Parts of a Chinese space lab will fall to an unknown location on earth between now and April, according to the U.N. Office for Outer Space Affairs. A potentially dangerous crash for the Tiangong-1 lab, which the official Xinhua News Agency describes here, may momentarily cloud the image of an ever-secretive space program designed to prove China’s global power and inspire public confidence in the Communist government.
But mishaps are part of any country’s space program, although China seldom admits anything goes wrong with its endeavors. In the United States, by comparison, the Space Shuttle Challenger blew up in 1986 and killed seven on board. It wasn’t the only American failure. China for its part still has Asia’s dominant space program, which was launched around 1960. The China National Space Administration since has coordinating six manned space missions since 2003, its Shenzhou series of manned space vehicles is in its 11th generation. Tiangong-1 was effectively a space station and there's a No. 2 now, as well.
But these four other Asian governments are powering up their own programs.
Asia’s second largest country after China has pursued space technology since 1962 but lacks the breadth of technology fostered by Beijing. The program driven by the government policy body Indian Space Research Organization focuses mainly on satellites for communication, weather forecasting and resource surveys. In the 38th launch of its Polar Satellite Launch Vehicle in February, India sent 104 individual satellites up at once, the research organization says. The country launched its first lunar probe in 2008.
China has overtaken Japan in outer space, though Tokyo’s researchers are rebounding from a series of launch vehicle failures. “It's the Japanese who have been embarrassed by Chinese progress,” says Richard Bitzinger, Military Transformations Program director at the S. Rajaratnam School of International Studies in Singapore.
“The Japanese used to be the leaders in Asia when it came to space.” Now they’re launching commercial and scientific satellites along with a “modest planetary exploration program” plus designs to put a lander on the moon, he says.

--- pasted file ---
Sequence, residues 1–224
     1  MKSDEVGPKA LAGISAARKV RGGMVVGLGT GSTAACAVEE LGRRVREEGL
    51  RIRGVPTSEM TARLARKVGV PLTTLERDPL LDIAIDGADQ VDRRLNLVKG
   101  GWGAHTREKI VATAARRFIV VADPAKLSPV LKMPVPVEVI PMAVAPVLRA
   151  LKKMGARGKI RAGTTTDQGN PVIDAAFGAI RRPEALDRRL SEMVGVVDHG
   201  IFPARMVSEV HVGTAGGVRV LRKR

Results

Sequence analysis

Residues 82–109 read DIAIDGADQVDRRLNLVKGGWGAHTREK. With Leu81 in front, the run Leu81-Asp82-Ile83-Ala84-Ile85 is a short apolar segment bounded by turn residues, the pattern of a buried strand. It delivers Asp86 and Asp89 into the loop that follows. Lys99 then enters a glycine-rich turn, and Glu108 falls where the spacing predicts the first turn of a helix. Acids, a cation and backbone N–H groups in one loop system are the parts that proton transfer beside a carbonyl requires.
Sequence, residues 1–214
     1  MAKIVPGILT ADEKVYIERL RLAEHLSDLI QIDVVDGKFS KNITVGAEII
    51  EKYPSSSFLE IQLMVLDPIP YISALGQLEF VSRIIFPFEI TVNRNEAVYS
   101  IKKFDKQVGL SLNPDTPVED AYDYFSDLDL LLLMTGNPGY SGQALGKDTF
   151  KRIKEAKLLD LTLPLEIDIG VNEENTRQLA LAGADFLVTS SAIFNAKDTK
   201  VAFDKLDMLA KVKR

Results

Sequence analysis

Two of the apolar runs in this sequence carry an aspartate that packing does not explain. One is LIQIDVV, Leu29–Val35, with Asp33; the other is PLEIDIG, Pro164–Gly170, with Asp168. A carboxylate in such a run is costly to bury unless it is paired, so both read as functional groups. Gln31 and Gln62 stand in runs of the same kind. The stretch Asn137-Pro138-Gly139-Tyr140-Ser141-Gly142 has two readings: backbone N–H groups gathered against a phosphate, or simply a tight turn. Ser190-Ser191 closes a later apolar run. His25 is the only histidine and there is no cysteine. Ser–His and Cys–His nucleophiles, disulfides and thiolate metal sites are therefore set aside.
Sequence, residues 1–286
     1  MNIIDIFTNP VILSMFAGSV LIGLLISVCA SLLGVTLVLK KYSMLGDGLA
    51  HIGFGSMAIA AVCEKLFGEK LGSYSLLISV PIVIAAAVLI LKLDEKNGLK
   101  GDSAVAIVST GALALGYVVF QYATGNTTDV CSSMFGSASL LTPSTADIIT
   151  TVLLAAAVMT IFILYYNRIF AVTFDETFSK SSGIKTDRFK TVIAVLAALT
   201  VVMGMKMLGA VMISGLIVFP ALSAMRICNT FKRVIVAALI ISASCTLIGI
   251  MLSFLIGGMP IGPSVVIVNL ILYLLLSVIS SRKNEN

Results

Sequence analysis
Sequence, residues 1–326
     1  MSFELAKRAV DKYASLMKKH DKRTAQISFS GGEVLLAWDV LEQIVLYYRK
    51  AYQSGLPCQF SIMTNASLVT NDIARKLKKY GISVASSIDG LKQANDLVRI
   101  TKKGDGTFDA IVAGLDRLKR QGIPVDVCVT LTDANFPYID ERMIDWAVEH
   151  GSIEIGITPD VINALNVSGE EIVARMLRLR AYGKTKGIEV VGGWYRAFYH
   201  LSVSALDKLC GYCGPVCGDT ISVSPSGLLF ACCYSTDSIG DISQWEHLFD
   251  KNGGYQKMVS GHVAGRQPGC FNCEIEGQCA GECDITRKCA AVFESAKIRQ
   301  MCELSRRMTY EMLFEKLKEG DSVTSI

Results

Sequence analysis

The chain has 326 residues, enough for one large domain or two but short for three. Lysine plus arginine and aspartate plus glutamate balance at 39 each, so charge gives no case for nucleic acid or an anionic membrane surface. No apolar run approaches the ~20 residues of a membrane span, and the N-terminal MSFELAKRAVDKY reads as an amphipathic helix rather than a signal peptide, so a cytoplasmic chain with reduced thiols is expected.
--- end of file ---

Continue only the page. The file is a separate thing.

The country involved in space since the 1950s aims to send a mission to the moons of Mars after 2020. This program led by the government-backed Japan Aerospace Exploration Agency lacks a space station and boasts of no manned mission.
This country with strong high-tech know-how and a more than $1 trillion economy wants to “join the ranks of advanced countries in the aerospace field,” the non-governmental U.N. support organization Space Generation Advisory Council. It’s still a beginner now compared to China. South Korea christened a space launch vehicle in 2013, joining satellites developed by private firms to orbit at low altitudes. Another launch vehicle is coming. Korean developers keenly host space technology conferences, too, a way to build up aerospace research capability.
Like South Korea, Taiwan hails from a high-tech background. More modest than its peers, the Taiwanese space program is concerned largely with satellites. In August, the made-in-Taiwan Formosat-5 satellite went into space to monitor for environmental problems, and a National Space Organization publicist said Thursday the agency is now working on Formosat-7, which would scan for signs of climate change. Taiwan has described its satellites as a boon for global scientific research. The program also develops satellite launch vehicles and suborbital launch vehicles, six of which were sent up between 1998 and 2010.